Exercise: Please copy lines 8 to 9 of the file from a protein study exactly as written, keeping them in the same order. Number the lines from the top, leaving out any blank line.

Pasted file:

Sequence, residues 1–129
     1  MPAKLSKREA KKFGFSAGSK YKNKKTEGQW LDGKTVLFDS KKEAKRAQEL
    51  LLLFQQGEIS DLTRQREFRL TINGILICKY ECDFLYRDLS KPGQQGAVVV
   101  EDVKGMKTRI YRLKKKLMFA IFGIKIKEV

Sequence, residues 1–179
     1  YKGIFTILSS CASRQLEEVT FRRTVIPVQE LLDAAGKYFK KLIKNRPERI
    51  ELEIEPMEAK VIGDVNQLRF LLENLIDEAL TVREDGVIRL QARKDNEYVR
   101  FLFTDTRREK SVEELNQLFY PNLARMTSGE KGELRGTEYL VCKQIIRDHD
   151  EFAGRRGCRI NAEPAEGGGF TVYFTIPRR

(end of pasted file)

   101  FLFTDTRREK SVEELNQLFY PNLARMTSGE KGELRGTEYL VCKQIIRDHD
   151  EFAGRRGCRI NAEPAEGGGF TVYFTIPRR